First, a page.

Two companies make their debuts on the list this year: Tankersley Food Service LLC of Van Buren at No. 65 (see related story) and North Metro Medical Center, the Jacksonville hospital formerly known as Rebsamen Medical Center, at No. 71. They replace May Construction Co. and Continental Express Inc., both of Little Rock. May Construction, which had well-documented financial problems in 2009, did not respond to Arkansas Business' survey. The assets of Continental Express were sold to the Celadon Group of Indianapolis in December 2008.
E.C. Barton & Co. of Jonesboro, No. 29 on this year's list with $334 million in sales, will likely slide down next year. The wholesaler of building materials recently sold seven stores in southwest Missouri to Meek's Lumber Co. of Springfield, Mo.
Three companies are making their final appearance on this year's list: Affiliated Foods Southwest of Little Rock, National Home Centers Inc. of Springdale and Sparks Health System of Fort Smith.
Affiliated Foods, which was No. 13 with $730 million in revenue on last year's list, went bankrupt and shut down a year ago, just before the end of its 2009 fiscal year in June. It ranks at No. 16 on this year's list with estimated revenue of $650 million in its last fiscal year, a stark reminder that revenue and profit are not synonymous. Affiliated's former CEO, John Mills, pleaded guilty to bank fraud for a check-kiting scheme that he claimed kept the company from collapsing months earlier. Former CFO Lex Martinez faces related federal criminal charges.
National Home Centers completed 2009 as an Arkansas-owned private company, but it was sold out of Chapter 11 bankruptcy last month to Stock Building Supply of Raleigh, N.C. (See related story.)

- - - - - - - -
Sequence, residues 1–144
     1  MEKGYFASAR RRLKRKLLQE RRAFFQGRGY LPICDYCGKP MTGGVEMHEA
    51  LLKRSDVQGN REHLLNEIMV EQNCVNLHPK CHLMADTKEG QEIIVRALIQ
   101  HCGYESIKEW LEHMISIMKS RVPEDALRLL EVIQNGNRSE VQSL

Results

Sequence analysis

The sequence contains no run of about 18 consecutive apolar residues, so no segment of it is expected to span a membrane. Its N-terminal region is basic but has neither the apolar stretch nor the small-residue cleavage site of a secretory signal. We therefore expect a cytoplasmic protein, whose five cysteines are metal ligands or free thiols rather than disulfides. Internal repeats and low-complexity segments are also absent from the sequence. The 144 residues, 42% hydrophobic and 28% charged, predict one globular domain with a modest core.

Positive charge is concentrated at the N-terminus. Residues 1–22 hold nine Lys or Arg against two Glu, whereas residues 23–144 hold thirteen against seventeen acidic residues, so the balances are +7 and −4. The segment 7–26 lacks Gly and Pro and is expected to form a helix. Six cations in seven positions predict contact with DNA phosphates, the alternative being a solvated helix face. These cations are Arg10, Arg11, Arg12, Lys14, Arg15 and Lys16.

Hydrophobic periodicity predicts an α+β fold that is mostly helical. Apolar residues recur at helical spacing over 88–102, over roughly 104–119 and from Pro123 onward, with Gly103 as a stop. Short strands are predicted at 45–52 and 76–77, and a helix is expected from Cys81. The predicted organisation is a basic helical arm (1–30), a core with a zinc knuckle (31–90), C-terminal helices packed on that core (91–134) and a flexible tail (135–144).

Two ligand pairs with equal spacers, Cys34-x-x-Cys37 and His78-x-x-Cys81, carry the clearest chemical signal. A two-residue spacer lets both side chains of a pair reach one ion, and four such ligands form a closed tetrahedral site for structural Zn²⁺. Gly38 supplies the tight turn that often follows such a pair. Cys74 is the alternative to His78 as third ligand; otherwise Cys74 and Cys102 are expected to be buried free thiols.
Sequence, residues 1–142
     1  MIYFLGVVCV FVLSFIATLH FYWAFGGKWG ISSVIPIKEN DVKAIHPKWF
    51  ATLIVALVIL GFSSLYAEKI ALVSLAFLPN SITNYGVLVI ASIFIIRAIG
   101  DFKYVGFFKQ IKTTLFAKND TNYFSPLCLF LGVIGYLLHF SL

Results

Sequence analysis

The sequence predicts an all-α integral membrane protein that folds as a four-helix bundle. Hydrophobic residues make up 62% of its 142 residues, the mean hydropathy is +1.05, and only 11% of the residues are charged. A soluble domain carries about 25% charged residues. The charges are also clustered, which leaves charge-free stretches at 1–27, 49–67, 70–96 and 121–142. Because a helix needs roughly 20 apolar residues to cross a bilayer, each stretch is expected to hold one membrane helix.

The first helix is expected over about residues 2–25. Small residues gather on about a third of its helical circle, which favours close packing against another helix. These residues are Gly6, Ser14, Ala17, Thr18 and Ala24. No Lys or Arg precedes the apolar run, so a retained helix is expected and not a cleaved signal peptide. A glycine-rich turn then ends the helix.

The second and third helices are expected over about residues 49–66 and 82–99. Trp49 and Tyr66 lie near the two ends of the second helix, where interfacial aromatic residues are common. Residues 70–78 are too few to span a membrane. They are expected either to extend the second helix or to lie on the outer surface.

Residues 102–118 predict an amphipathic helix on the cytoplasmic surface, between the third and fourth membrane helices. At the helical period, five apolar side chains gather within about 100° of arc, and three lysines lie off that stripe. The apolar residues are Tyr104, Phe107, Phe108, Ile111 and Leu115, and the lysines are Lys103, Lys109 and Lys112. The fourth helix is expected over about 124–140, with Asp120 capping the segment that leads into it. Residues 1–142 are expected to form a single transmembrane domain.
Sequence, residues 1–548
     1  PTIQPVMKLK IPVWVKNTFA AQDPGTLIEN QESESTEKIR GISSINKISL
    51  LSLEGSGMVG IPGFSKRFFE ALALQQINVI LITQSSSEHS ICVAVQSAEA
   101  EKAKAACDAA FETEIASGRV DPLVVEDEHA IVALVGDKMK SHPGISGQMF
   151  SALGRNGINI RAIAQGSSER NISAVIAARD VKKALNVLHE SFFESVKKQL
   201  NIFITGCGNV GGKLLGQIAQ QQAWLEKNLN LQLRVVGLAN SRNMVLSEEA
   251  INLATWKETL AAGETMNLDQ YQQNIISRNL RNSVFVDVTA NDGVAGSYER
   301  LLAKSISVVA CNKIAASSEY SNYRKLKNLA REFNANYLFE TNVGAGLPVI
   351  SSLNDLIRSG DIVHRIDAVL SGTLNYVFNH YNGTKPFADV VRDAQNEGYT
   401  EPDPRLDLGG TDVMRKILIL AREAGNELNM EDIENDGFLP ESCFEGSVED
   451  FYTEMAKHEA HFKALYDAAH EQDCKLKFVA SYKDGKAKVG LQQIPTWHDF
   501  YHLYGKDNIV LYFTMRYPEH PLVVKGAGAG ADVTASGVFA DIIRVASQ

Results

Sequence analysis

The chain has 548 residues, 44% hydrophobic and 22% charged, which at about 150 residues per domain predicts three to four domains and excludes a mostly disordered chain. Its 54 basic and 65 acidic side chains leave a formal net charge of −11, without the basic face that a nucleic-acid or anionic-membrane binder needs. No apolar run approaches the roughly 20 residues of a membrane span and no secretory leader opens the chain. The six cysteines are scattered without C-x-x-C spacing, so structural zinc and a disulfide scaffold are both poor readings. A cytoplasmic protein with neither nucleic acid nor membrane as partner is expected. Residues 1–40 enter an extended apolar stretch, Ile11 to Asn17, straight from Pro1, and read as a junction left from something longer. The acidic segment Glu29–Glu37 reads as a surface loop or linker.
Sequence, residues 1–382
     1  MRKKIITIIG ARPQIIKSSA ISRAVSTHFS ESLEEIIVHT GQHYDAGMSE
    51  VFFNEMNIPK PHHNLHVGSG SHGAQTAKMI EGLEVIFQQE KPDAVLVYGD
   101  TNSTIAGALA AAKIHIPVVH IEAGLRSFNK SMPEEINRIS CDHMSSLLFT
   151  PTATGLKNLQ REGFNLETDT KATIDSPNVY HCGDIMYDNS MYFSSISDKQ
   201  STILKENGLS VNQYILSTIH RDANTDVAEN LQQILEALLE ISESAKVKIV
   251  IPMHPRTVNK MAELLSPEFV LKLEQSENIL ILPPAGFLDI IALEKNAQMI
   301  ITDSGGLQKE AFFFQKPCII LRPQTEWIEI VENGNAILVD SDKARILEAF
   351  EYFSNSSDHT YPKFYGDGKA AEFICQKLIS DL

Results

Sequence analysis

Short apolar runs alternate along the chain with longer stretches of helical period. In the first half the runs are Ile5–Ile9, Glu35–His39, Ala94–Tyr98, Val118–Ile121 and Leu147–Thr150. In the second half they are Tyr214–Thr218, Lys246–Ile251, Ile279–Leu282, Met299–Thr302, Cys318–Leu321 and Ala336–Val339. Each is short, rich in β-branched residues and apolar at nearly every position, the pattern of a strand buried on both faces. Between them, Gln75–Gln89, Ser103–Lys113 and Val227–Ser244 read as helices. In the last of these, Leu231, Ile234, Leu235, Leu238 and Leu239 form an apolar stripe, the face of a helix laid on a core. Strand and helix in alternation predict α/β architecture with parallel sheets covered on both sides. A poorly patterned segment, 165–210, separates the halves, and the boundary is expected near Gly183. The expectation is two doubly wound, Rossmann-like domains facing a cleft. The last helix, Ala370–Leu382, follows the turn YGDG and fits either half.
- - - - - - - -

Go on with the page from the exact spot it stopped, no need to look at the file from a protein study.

Sparks Health System, now officially renamed Fort Smith HMA LLC, was acquired in December by Health Management Associates Inc. of Naples, Fla. It ranks at No. 34 on the strength of its $260 million in revenue during the fiscal year that ended May 31, 2009, when it was still an Arkansas-owned private company.
Despite a 25 percent reduction in the number of vehicles registered in Arkansas last year, some of the state's largest automotive dealers recorded solid sales figures in 2009. Frank Fletcher Cos. of Little Rock, a conglomerate that includes home furnishings manufacturing, restaurants and 12 auto dealerships, reported revenue of $740 million, up 2.1 percent from 2008. Sales were down at Superior Automotive Group of Fayetteville, but by less than 1 percent, according to co-owner Avis Bailey.
"We had a more profitable year in '09 than we [had] in '08," Bailey said, "but we had our expenses in line."
Hickingbotham Investments Inc. of Little Rock, owned by the Frank Hickingbotham family, recorded a $50 million drop in revenue, from $370 million in 2008 to $320 million in 2009. That was primarily because of the sale of three locations of Jones Harley-Davidson to RLJ-McLarty-Landers Automotive Partnership in September 2008, according to Hickingbotham's executive vice president, Gene H. Whisenhunt.